Sainsburys Launch Scheme To Promote Fading Fish Specialities

UK supermarket chain Sainsbury’s has launched a new campaign to help save two seafood specialties, along with other traditional British foods, from becoming extinct.
The Arbroath Smokie and the Dover sole are top of a list of traditional foods that are rarely eaten today even though it remains popular in Europe . The list also includes Scottish haggis, Irish potato and cabbage Colcannon and Melton Mowbray pork pies.
Incredibly just one per cent of British teenagers and six per cent of adults have ever eaten an Arbroath Smokie, while the majority of the British public have no idea what it is, according to new research from the supermarket group. The research showed similar figures for the Dover sole, one of the most expensive types of fish on restaurant menus.
Sainsbury’s says the fish specialities have been under threat for years, but now research has revealed that other well known dishes are also in trouble such as the Steak &Kidney pie and the Richmond Eel Pie (puffs of pastry filled with chunks of boiled eel).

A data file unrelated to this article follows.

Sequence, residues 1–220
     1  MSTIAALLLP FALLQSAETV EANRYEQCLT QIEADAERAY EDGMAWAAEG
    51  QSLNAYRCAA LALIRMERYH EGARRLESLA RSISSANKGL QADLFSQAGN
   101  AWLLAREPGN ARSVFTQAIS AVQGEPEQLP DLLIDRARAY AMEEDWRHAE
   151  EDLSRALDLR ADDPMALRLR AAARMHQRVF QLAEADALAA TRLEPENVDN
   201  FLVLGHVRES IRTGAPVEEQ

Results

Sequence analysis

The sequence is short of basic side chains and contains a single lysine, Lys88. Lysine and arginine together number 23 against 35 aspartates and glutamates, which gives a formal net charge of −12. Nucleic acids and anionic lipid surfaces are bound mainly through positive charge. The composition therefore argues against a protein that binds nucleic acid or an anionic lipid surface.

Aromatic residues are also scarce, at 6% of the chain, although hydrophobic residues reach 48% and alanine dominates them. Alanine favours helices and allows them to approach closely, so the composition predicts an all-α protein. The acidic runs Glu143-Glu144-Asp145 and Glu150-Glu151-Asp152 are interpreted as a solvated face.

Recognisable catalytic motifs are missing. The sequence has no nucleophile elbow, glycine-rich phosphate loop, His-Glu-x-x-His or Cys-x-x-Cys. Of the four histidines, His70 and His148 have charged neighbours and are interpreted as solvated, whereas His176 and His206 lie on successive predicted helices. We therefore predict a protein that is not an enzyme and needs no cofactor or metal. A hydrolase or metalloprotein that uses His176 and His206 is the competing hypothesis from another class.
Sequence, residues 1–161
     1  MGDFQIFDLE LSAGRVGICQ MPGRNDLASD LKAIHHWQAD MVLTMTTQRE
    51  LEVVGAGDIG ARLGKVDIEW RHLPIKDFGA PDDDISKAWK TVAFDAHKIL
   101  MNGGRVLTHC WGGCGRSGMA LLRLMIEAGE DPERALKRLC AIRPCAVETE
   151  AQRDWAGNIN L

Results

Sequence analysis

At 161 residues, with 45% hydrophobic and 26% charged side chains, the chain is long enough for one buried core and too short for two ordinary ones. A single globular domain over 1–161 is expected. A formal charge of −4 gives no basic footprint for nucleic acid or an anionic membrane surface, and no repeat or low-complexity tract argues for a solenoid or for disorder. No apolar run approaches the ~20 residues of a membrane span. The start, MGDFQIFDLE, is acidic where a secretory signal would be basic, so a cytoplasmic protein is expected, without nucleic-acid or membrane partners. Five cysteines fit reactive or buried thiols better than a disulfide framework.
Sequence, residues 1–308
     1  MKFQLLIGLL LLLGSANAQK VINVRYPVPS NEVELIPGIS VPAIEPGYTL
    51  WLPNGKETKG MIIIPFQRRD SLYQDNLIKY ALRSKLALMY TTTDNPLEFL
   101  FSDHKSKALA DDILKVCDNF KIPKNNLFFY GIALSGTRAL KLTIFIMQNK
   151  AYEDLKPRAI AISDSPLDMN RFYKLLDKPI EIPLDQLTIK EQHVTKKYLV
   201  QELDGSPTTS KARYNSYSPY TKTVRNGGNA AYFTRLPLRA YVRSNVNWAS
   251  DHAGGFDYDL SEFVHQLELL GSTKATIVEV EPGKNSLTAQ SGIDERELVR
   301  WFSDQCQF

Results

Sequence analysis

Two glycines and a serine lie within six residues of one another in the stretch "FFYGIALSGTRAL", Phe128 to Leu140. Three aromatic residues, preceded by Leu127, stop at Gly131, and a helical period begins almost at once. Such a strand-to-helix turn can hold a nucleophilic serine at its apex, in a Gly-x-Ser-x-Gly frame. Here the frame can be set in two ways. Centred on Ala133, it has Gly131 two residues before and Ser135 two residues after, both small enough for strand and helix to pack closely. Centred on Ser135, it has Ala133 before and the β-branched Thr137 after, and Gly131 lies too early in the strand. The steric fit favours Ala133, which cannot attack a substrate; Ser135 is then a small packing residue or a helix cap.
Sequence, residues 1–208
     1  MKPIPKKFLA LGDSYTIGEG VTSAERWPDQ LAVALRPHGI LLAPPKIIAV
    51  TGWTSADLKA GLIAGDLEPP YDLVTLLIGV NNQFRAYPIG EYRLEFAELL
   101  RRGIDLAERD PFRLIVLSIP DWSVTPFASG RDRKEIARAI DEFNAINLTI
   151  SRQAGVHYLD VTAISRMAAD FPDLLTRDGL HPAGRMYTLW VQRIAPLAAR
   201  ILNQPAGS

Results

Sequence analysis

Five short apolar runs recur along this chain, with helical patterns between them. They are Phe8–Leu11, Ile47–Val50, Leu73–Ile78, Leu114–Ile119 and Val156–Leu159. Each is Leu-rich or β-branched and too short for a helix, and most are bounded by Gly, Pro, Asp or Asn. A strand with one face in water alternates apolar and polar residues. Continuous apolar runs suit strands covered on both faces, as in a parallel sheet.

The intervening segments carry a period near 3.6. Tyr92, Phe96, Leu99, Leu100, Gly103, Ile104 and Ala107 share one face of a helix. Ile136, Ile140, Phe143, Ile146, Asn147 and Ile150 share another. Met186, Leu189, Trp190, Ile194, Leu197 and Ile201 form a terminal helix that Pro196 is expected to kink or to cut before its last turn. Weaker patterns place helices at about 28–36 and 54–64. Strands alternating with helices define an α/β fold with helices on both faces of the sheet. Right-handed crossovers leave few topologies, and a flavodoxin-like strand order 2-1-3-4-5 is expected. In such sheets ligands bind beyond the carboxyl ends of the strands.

Twelve teams of ‘Regional Champions’ have been handed the task of scouring the nation to identify local foods under threat and offering local suppliers the chance to revive these throughout the company’s 750 UK stores .
The ‘Best of British’ campaign by Sainsbury’s is designed to revive young people’s excitement in regional and traditional cuisines through its ‘Active Kids Get Cooking scheme’, with more than 7,500 schools already involved nationwide .
Ian Jarmarkier, Head of Sainsbury’s Food and Innovation Centre, commented: “The results of our report ring alarm bells for many of our favourite British dishes. It’s a really worrying trend that young people have so little enthusiasm for local cuisine.”
“We hope that by scouring every corner of the country for new suppliers with lots of new and uniquely British foods and by involving children in practical activities based on the foods local to them, we can help re-ignite pride and excitement in British food .”

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